•  Requiring relatively little time and training to learn to operate based on the degree of sophistication of the centrifugal chemistry analyzer equipment and the level of experience, competence, and training of the laboratory personnel who will operate it. In addition to these basic requirements, other clinical chemistry analyzer features that should be considered are walk-away capability, preferred report format, bar coding, the ability to run different types of samples, automated sample dilution, onboard reagent stability, and closed-tube sampling. ECRI recommends that all centrifugal chemistry analyzers have alarms that alert users to any system failure (e.g., insufficient reagents, out-of-range errors) that can produce false results.
  • Centrifugal laboratory analyzer buyers should be aware that a clinical chemistry analyzer's throughput depends on the number and type of tests performed by the instrument during a particular time. Very high throughput claims by a manufacturer may be based on tests that react rapidly to the addition of chromogenic reagent (i.e., have short incubation times) and quickly show measurable results. Centrifugal laboratory analyzer manufacturers should reveal the test profile — the number and kinds of tests — used to determine analyzer throughput claims.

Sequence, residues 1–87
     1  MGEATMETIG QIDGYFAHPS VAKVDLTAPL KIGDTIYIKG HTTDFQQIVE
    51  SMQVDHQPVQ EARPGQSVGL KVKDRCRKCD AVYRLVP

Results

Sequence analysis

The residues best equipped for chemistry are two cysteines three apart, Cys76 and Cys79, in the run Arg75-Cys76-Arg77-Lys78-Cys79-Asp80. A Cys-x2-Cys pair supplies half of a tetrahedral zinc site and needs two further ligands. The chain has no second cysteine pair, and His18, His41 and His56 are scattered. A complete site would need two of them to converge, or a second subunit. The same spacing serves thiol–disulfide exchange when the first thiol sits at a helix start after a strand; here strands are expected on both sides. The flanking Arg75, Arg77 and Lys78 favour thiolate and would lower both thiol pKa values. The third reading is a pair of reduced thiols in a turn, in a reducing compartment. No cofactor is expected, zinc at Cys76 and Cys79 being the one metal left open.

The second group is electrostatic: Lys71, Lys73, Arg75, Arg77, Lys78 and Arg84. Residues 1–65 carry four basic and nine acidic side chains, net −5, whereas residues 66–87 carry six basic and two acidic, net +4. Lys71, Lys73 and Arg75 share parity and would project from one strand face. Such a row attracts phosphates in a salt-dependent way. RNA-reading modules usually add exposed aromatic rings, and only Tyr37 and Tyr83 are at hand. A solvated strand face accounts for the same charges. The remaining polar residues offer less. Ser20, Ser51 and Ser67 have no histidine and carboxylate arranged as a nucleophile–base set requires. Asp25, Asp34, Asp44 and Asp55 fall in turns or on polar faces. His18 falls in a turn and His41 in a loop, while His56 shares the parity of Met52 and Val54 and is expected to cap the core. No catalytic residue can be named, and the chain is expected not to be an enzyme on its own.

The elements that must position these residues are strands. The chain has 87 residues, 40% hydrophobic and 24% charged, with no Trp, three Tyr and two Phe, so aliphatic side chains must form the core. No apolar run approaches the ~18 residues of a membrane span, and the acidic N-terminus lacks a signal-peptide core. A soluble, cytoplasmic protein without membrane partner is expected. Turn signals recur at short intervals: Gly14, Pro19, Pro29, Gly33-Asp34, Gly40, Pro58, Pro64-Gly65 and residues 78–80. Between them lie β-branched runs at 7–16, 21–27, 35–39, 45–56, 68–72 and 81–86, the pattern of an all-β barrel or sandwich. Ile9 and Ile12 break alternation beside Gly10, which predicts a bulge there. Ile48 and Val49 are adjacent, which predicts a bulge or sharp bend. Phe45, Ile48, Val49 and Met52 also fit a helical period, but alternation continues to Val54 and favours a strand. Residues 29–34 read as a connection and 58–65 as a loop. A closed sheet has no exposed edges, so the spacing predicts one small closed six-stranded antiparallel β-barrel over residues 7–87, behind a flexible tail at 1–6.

1. Final regulations of the Clinical Laboratory Improvement Amendment of 1988 (CLIA ‘88) were published in February 1992 by the Department of Health and Human Services (HHS). Under the CLIA ‘88 regulations, all clinical laboratories are required to obtain federally issued certificates. To acquire a certificate, a lab must meet all relevant standards, which are determined by the complexity of the tests being performed.